The Eye of the Hydra
Here's one of the most recent, and most interesting. Researchers using a non-symbiotic species of hydra have discovered that its stinging cells exhibited a sensitivity to light - they are more likely to fire at low levels of light or in darkness, while bright light actually inhibits their firing. That's interesting in its own right - hydra prey on water fleas and other small swimming animals, whose activity may correlate with the activity of the hydras' stinging cells. But there's more. That activity is regulated by a species of light-sensitive chemical, opsin, which is also found in the visual systems of higher animals, including mammals. So although hydras don't have physical structures analogous to eyes, they are photosensitive, and that photosensitivity is regulated by a chemical that has a very similar function in the human eye. The 'eye' of the common ancestor of hydras and the eyes of higher animals (fish, fowl, mammals, us) share a common pathway.
Parenthetically, it would be fun to examine to role of opsin in the behaviour of green hydra, which will migrate towards a bright light shone in one corner of their culture dish, presumably to maximise the photosynthetic output of their symbiotic algae. It might also be interesting to discover if green hydra's feeding behaviour is diurnal, or if it is just as active feeding by day as at dusk, or night (the polyps of reef-forming corals seems to photosynthesise by day and feed by night, getting the best of both being a plant and a predator).
There's also an important evolutionary angle, as one of the researchers, Professor Todd Oakley, points out: "What good is half an eye? Even without eyes there are other functions for light sensitivity that we may not be thinking of."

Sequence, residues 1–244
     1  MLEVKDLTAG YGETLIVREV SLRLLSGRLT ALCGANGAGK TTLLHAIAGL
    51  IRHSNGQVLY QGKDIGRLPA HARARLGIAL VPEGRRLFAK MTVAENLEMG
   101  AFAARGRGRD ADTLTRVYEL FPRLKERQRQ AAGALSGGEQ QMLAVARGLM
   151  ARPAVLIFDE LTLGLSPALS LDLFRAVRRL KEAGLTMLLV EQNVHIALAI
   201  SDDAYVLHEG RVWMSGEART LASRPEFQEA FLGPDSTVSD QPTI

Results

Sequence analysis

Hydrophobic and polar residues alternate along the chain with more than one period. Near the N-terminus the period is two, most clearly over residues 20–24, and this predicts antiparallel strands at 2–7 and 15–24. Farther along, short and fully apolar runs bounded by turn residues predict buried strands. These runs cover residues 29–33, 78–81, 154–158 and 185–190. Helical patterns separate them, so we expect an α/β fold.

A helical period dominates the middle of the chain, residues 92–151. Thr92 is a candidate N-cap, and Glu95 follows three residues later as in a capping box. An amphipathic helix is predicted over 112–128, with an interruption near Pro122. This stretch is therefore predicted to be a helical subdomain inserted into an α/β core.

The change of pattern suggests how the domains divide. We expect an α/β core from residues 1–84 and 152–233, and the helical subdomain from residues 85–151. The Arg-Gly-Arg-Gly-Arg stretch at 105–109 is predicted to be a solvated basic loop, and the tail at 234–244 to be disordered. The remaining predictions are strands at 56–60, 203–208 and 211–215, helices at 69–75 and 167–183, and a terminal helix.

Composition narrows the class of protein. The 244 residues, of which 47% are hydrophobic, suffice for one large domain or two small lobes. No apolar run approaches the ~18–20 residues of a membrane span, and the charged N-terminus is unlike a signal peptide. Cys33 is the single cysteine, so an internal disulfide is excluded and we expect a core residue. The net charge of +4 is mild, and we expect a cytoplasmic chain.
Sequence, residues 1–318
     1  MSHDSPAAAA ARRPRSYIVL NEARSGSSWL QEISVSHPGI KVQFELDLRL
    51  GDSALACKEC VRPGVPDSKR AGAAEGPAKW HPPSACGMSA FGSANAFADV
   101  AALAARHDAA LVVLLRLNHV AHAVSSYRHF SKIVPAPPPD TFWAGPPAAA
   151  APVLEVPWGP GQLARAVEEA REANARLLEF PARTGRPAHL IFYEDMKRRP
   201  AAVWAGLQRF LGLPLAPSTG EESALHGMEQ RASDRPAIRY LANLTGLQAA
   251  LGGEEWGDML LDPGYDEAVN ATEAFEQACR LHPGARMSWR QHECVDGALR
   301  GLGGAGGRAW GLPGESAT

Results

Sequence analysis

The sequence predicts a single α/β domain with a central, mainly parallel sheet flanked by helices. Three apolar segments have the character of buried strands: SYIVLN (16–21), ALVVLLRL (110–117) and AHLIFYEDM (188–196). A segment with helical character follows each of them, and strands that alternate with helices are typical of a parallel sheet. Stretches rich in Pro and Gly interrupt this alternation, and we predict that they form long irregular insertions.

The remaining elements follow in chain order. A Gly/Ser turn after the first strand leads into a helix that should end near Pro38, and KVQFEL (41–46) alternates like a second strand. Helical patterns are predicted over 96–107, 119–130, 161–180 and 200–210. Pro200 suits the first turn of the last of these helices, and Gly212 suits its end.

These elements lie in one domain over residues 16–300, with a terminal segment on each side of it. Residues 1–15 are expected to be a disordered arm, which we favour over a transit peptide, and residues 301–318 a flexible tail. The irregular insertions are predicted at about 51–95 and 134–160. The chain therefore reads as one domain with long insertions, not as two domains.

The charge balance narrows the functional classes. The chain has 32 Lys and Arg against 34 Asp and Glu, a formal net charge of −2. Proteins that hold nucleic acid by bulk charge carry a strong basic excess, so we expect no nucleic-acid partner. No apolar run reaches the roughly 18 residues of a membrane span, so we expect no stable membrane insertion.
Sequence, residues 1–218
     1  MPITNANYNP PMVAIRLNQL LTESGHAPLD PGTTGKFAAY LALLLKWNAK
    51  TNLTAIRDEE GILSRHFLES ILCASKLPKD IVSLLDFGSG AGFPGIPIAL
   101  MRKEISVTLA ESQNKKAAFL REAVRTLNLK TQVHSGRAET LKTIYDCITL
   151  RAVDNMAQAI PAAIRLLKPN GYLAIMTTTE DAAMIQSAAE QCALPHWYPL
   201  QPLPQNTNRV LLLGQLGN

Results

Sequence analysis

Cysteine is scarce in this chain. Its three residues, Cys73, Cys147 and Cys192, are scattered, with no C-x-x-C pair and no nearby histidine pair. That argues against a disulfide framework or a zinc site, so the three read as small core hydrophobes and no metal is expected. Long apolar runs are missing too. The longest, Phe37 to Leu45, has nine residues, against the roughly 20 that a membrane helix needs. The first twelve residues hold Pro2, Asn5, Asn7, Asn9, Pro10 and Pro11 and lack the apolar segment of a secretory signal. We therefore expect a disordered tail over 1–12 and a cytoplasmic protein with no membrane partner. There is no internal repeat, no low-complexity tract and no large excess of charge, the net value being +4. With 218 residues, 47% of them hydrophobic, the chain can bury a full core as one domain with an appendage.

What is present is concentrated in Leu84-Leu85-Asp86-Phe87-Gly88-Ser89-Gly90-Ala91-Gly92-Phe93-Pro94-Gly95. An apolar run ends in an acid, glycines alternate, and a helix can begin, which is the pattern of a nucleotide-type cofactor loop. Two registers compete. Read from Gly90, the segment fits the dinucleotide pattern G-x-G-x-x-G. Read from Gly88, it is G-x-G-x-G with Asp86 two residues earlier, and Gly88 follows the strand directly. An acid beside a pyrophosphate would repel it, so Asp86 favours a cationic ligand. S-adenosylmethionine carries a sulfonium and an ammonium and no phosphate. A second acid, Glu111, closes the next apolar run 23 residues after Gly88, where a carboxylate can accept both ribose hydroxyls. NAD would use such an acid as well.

This is precisely the problem that Charles Darwin raised in On The Origin of the Species, in a sentence that's often quoted by opponents of evolutionary theory:
To suppose that the eye with all its inimitable contrivances for adjusting the focus to different distances, for admitting different amounts of light, and for the correction of spherical and chromatic aberration, could have been formed by natural selection, seems, I freely confess, absurd in the highest degree.
When it was first said that the sun stood still and the world turned round, the common sense of mankind declared the doctrine false; but the old saying of Vox populi, vox Dei, as every philosopher knows, cannot be trusted in science. Reason tells me, that if numerous gradations from a simple and imperfect eye to one complex and perfect can be shown to exist, each grade being useful to its possessor, as is certainly the case; if further, the eye ever varies and the variations be inherited, as is likewise certainly the case; and if such variations should be useful to any animal under changing conditions of life, then the difficulty of believing that a perfect and complex eye could be formed by natural selection, though insuperable by our imagination, should not be considered as subversive of the theory. How a nerve comes to be sensitive to light, hardly concerns us more than how life itself originated; but I may remark that, as some of the lowest organisms in which nerves cannot be detected, are capable of perceiving light, it does not seem impossible that certain sensitive elements in their sarcode should become aggregated and developed into nerves, endowed with this special sensibility.On The Origin of the Species, 6th Edition, Chapter 6